Many years ago I had a church member boldly approach me one Sunday after worship. This was a stoic woman, strong and stalwart. She wasn’t particularly warm and fuzzy. She was smart and articulate and she was really good at getting things done. She could also be fairly critical—of just about everything. Always matter of fact, she said, “Beth, I appreciate your Sunday morning messages. All of them. But really? I just want to be reminded that God loves me. That is what is missing in my life.” Her comment took me aback. She didn’t appear to have that particular need. I would have thought, by her personality and world outlook, that she did not have much of an emotional connection to the Divine. She rarely used loving language, she moved through life with grit and determination. She spoke her mind and didn’t worry if she offended. She was, in a word, hard. And lo and behold, she needed to be reminded that God loved her. Of course.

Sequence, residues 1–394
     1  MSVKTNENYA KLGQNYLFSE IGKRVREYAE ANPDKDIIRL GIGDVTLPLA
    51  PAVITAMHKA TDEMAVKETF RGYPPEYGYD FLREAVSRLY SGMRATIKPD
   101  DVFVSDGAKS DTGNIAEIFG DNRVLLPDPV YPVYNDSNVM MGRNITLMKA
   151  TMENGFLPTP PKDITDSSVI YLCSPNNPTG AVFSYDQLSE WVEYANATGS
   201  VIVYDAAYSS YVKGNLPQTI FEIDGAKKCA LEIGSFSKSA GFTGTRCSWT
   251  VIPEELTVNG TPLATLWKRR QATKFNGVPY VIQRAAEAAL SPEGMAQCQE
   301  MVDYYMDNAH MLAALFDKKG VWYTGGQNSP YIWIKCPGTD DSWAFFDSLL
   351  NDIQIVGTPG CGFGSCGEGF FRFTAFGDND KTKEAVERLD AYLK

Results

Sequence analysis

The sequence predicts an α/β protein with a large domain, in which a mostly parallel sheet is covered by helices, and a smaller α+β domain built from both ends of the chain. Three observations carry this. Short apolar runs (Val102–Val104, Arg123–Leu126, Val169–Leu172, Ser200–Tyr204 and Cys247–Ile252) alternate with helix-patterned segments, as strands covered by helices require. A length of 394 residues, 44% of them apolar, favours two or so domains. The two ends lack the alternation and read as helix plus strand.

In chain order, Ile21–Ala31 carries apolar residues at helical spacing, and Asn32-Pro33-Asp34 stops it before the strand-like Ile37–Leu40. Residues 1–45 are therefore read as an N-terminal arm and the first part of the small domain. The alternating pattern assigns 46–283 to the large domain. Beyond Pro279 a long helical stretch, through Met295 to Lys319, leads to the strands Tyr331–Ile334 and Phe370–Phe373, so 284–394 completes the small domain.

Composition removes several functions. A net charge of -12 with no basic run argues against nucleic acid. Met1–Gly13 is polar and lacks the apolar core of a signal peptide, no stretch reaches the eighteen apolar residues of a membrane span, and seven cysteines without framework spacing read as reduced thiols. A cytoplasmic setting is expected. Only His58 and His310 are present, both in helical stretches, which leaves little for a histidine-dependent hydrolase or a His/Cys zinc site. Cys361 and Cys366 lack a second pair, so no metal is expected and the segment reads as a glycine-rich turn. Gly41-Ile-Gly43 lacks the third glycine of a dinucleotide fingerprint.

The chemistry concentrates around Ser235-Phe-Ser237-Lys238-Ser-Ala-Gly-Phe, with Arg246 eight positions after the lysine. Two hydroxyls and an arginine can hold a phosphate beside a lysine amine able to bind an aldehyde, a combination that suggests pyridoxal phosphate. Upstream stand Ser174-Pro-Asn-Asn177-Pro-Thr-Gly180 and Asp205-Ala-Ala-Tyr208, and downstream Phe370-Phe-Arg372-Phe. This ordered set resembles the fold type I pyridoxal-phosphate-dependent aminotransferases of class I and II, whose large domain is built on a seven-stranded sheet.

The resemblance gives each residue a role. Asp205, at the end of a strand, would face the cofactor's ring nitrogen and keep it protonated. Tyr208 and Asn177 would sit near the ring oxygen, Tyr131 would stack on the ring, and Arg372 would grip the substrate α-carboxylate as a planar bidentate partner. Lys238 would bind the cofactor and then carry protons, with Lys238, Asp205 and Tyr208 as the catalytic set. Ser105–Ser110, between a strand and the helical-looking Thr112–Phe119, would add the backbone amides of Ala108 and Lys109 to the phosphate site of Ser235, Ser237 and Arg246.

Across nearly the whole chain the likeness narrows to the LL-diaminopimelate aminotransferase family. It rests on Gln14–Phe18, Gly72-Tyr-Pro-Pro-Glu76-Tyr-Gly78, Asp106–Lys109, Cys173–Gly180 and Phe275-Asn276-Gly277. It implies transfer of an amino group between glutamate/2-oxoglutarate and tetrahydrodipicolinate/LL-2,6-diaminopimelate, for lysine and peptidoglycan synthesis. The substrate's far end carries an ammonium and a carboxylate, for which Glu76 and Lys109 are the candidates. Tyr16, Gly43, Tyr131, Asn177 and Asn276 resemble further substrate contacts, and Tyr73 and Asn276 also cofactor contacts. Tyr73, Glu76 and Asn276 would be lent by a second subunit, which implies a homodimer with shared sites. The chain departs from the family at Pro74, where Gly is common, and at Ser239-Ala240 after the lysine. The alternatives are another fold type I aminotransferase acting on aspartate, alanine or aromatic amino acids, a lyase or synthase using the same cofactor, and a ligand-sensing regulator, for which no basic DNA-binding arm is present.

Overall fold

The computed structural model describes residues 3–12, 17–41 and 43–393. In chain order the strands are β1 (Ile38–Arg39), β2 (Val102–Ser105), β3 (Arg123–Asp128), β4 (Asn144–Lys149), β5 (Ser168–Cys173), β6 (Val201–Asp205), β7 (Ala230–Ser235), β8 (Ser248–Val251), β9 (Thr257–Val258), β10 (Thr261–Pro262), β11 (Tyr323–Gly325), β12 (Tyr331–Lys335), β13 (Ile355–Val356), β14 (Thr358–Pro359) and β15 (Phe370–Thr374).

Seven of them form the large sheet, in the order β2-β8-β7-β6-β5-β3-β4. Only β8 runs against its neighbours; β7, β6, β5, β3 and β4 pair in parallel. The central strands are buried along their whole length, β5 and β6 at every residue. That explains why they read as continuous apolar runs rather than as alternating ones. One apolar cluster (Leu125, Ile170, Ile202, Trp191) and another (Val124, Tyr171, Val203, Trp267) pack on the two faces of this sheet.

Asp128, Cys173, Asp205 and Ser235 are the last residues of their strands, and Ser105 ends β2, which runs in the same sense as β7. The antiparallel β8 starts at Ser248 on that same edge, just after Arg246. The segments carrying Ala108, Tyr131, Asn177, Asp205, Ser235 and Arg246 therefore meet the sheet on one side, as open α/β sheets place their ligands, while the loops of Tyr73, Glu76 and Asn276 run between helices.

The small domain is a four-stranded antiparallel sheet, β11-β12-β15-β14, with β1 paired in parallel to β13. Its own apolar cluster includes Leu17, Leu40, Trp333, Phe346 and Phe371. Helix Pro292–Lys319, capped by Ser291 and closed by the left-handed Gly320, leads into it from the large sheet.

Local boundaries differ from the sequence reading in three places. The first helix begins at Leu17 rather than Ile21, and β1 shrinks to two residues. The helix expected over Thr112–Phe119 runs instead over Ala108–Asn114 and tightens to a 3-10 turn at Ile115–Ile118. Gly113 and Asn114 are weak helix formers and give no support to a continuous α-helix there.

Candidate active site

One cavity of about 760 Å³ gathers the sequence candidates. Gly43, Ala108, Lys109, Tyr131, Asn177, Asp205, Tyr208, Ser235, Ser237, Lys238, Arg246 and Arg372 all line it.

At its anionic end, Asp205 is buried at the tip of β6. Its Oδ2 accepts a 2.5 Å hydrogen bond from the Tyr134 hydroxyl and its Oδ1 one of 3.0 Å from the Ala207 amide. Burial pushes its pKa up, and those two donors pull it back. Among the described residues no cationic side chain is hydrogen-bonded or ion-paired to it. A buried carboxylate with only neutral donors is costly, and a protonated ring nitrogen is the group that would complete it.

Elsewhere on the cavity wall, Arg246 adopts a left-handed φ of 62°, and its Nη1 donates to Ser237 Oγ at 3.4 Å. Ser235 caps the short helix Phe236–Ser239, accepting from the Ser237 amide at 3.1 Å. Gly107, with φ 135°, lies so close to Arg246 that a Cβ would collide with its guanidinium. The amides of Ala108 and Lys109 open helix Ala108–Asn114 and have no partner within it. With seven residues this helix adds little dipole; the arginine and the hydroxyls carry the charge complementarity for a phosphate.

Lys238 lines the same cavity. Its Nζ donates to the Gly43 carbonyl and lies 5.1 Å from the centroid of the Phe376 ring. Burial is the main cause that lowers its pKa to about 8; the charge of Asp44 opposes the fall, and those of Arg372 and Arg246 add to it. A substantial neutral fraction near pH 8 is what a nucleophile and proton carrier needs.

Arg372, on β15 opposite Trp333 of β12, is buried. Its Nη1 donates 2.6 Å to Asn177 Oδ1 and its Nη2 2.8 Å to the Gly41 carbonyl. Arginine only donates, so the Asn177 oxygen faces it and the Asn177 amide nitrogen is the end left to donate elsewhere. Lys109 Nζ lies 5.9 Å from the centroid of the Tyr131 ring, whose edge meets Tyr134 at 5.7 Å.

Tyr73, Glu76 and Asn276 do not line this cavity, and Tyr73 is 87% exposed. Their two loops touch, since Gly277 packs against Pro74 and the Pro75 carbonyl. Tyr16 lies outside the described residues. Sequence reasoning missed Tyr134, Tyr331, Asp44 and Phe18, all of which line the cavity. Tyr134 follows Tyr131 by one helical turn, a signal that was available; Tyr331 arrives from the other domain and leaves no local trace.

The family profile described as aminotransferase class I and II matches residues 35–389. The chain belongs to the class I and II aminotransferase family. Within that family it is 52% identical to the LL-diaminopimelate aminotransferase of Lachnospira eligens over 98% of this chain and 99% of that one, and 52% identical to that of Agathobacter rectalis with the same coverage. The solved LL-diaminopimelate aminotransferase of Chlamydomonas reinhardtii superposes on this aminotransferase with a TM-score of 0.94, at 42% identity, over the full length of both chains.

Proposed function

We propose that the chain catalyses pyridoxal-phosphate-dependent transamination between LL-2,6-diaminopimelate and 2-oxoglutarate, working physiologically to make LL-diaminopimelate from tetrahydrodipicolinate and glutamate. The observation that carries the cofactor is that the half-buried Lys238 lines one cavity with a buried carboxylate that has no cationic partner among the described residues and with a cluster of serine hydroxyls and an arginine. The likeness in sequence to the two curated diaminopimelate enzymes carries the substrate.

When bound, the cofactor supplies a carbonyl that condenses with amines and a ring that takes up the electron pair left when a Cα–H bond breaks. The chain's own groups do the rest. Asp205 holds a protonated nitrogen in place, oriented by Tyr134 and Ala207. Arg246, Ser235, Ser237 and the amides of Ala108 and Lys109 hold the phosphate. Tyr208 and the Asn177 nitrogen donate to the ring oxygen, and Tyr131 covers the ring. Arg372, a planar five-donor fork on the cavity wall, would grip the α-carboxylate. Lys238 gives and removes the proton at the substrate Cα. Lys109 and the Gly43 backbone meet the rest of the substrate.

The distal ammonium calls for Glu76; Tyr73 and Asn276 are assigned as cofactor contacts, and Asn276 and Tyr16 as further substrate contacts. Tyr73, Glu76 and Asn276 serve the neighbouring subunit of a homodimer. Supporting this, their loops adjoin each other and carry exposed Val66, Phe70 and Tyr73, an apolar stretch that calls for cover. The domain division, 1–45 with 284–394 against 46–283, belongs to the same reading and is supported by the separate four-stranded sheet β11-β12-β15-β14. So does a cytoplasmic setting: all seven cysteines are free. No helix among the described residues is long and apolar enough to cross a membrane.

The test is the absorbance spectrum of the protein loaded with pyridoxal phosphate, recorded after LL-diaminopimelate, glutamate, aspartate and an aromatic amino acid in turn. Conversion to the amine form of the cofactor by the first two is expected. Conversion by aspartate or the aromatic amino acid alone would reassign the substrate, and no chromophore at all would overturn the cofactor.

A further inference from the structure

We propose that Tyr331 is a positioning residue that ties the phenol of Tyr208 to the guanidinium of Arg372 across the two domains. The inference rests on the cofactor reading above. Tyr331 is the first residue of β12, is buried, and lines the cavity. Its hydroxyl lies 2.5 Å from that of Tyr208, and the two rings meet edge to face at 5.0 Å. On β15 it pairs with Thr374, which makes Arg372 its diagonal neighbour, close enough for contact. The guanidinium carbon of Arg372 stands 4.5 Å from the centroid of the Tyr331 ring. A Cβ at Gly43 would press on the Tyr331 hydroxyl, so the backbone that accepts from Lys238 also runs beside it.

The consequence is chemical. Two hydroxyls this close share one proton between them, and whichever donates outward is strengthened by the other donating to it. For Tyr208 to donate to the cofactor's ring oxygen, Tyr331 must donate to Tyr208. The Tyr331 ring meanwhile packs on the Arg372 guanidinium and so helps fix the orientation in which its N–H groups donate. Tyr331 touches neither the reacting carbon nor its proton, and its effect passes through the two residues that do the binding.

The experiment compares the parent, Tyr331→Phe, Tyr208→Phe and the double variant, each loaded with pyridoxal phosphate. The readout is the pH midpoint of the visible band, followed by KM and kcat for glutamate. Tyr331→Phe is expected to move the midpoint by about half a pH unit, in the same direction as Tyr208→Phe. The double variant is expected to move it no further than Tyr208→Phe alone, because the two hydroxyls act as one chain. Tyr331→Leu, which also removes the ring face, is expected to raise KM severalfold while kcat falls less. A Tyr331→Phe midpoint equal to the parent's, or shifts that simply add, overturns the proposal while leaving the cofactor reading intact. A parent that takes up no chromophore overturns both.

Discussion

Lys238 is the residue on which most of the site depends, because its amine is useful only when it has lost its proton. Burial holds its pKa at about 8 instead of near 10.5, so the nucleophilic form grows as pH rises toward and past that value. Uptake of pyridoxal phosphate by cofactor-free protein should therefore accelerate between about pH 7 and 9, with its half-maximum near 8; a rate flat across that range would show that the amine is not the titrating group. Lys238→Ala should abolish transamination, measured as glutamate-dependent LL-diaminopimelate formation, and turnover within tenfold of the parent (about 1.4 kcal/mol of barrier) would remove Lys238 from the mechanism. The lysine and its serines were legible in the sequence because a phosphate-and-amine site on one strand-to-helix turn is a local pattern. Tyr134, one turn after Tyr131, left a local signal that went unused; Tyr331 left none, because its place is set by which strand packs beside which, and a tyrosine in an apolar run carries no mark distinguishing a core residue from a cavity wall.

Can we ever be told that we are loved enough? Is it ever a message of which we might tire? That in God’s eyes we are holy and beloved, chosen, bestowed a special blessing? That right there, in the waters that consume and the fires that ravage, in the broken, belittled places of our lives, God is. God waits. God redeems. God names. God claims us, calls us God’s own. When we open ourselves to this understanding—regardless of age or stage or previous belief—a seed of meaning is planted in the basement of our soul to give us courage for the facing of these strenuous days.